This is a great question. And cobaltduck gave a great answer.
I teach martial arts, and often the way we teach to calm the mind is by controlling the breathing. Meditation is always the answer: nothing is gained by panicking. We have many sayings in life, like "Look before you leap", "Think before you do", etc. And that's easy to say, not so easy to do. For many, the problem is exacerbated by the snake itself - venomous or not. Ophidiophobia is one's worst enemy.
Having said that, breathing calmly and not thinking bad thoughts is a learned and practiced skill: you can't expect someone with no practice to do just that. Therefore, in your first aid classes (we outdoors people DO study first aid, right? ;-) part of your practice on tying square knots, splinting broken limbs, stopping bleeding, and starting breathing and hearts, should also include exercises in breathing exercises.
Those who are in traditional martial arts, or who take yoga, or otherwise are well-practiced in Asian healing are usually good resources.
In short, you will want to settle down as quickly as possible. Drink nothing but water - caffeine, for example, will increase your heart rate, you don't want that. Slowly breathe in and slowly breathe out - all at the same slow pace. You should not assist in your first aid, unless you are alone or the others are panicking or don't know what they're doing. The more you move, the less you can focus and reduce your heartrate.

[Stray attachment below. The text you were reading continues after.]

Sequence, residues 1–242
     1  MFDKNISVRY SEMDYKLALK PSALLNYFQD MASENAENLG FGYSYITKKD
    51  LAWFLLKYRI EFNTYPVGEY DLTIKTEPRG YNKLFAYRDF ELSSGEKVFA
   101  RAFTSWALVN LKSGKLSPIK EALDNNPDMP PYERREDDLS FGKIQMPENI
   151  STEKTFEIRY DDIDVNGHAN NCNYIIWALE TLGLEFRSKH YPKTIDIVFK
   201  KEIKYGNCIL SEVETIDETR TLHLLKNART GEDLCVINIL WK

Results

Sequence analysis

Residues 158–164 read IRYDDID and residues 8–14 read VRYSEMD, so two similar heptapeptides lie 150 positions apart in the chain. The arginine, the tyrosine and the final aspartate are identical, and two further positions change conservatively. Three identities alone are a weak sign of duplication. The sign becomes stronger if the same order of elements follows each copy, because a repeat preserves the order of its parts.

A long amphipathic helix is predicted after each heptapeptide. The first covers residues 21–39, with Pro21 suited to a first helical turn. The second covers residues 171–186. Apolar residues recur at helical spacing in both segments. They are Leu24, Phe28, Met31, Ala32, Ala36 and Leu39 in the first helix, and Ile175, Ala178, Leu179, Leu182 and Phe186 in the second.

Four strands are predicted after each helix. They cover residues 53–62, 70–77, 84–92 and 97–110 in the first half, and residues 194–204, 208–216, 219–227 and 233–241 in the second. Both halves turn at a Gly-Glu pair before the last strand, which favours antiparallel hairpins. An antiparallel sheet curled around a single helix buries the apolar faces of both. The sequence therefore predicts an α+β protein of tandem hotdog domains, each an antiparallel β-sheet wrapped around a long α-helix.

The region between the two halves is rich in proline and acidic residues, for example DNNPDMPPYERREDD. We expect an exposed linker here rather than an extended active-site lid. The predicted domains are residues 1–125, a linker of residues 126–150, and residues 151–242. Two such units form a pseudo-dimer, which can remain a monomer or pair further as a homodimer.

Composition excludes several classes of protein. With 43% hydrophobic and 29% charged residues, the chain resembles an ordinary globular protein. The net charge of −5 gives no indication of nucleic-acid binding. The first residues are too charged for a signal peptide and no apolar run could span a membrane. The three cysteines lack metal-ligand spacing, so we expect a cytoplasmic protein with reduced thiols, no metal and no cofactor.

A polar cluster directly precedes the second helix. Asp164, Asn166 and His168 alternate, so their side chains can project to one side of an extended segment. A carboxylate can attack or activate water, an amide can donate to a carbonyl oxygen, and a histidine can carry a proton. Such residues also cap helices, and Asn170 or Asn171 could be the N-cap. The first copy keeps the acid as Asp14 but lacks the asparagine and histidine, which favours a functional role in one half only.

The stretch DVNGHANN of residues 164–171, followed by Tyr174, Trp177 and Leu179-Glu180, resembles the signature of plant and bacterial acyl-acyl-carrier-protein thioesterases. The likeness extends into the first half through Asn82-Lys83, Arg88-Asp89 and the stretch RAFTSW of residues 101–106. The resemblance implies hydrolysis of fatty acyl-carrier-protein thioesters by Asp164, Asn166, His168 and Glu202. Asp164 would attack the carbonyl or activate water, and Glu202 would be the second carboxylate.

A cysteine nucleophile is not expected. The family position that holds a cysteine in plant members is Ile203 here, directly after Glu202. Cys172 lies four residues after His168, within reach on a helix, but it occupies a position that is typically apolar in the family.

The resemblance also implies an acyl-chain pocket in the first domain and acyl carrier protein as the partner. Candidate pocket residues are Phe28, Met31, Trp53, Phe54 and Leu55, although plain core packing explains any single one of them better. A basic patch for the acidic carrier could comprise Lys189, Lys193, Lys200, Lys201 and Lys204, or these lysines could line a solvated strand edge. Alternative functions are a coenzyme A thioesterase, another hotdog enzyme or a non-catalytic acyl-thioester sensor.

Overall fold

One thing you might want to focus on is the snake. Good first aid dictates that getting a picture of the snake will be important for medics to prescribe the proper antivenom. But if there is no camera, you'll have to keep a mental picture of the snake. So, look at it, verbalize what you see: the rattle, shape of the head, its length, its colors, and every detail you can see about it. Of course, if the snake is dead or gone, you should focus your efforts on other things, like the serenity of a blue sky, or an ocean sunset. Maybe try to count the different kinds of birdsong you hear, or count the number of animal life about you. (And while your at it, if others are in a calm mind, they should also snap pictures or verbalize what they see as well).
Again, this good advice - but useless if you don't have the practice. Take up yoga, martial arts, qigong. Or just practice meditating on your own.